Find out if you can claim PIP by looking at the criteria set out by the DWP below.

What are the long-term effects of coronavirus?

The NHS website states: “For some people, coronavirus (Covid-19) can cause symptoms that last weeks or months after the infection has gone. This is sometimes called post-Covid-19 syndrome or ‘long-Covid’.”

About long COVID

How long it takes to recover from Covid-19 is different for everybody.

Many people feel better in a few days or weeks and most will make a full recovery within 12 weeks, but for some people, symptoms can last longer.

The chances of having long-term symptoms does not seem to be linked to how ill you are when you first get Covid-19. People who had mild symptoms at first can still have long-term problems.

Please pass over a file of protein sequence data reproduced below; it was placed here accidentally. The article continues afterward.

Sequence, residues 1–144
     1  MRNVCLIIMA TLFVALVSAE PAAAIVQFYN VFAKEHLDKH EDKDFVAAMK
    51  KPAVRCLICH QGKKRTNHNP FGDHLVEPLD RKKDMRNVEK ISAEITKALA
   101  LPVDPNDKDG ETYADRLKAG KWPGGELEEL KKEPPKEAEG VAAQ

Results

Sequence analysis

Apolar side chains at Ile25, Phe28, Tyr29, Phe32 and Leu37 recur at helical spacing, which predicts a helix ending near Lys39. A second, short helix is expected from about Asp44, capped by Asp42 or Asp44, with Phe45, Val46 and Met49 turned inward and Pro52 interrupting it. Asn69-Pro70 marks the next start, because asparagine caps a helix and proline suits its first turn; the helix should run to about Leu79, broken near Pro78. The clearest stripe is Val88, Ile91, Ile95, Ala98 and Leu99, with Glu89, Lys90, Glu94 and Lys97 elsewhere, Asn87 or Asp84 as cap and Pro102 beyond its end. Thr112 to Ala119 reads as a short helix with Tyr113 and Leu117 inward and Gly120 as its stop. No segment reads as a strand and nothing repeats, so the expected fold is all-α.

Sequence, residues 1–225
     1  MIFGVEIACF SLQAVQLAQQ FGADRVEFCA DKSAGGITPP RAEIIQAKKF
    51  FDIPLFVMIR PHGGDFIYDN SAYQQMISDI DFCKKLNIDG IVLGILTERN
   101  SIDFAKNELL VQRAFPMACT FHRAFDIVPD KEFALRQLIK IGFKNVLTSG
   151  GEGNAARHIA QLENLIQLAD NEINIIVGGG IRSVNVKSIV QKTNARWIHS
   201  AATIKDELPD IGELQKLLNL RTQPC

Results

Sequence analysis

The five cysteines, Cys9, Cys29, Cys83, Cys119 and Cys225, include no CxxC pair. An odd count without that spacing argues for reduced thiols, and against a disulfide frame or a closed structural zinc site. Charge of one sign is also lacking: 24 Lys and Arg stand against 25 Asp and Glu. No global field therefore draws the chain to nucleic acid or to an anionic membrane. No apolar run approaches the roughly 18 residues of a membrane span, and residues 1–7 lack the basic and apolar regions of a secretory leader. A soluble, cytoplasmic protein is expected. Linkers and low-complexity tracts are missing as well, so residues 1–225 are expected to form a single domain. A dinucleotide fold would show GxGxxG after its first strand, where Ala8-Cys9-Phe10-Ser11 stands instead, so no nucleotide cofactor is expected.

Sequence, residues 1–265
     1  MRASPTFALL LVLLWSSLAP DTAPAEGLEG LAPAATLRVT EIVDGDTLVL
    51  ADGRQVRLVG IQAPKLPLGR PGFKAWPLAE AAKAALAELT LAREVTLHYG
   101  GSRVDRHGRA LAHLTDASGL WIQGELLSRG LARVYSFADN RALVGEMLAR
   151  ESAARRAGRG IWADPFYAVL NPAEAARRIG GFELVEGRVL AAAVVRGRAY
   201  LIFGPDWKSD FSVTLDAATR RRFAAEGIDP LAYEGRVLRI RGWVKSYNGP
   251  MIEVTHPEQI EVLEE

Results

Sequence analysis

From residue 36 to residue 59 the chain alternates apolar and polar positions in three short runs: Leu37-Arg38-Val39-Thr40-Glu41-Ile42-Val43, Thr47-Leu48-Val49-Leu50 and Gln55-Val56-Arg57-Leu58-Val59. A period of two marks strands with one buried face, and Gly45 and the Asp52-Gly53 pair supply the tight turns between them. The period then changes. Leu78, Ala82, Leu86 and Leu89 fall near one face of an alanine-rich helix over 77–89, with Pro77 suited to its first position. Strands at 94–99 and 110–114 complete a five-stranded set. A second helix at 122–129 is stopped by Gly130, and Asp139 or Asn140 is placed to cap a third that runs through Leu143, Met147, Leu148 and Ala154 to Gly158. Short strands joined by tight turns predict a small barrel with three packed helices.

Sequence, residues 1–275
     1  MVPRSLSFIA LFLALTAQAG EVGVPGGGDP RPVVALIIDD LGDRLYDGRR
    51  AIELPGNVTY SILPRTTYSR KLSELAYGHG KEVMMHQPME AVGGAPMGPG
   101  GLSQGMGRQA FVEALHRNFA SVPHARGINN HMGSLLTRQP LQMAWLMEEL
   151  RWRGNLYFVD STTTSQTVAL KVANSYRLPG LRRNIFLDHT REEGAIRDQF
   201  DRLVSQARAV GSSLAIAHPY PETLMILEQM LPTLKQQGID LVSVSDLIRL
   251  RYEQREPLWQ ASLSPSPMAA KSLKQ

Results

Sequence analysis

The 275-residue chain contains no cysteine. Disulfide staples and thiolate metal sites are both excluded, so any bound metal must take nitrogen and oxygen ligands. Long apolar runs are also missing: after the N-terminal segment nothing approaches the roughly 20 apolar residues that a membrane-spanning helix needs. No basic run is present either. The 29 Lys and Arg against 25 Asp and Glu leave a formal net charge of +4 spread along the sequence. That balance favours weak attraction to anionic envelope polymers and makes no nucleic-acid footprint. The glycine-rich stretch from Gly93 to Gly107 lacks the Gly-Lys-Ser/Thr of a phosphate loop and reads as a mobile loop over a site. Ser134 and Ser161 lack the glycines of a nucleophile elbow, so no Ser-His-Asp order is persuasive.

In April, the latest PIP figures showed 20 people across the UK are claiming PIP for long-Covid

Symptoms of long-Covid

There are lots of symptoms you can have after a Covid-19 infection.

Common long COVID symptoms include:

  • extreme tiredness (fatigue)
  • shortness of breath
  • chest pain or tightness
  • problems with memory and concentration (‘brain fog’)
  • difficulty sleeping (insomnia)
  • heart palpitations
  • dizziness
  • pins and needles
  • joint pain
  • depression and anxiety
  • tinnitus, earaches
  • feeling sick, diarrhoea, stomach aches, loss of appetite
  • a high temperature, cough, headaches, sore throat, changes to sense of smell or taste
  • Rashes

Who is eligible for PIP?

You do not need to have worked or paid National Insurance contributions to qualify for PIP, and it does not matter what your income is, if you have any savings or if you’re in or out of work – or on furlough.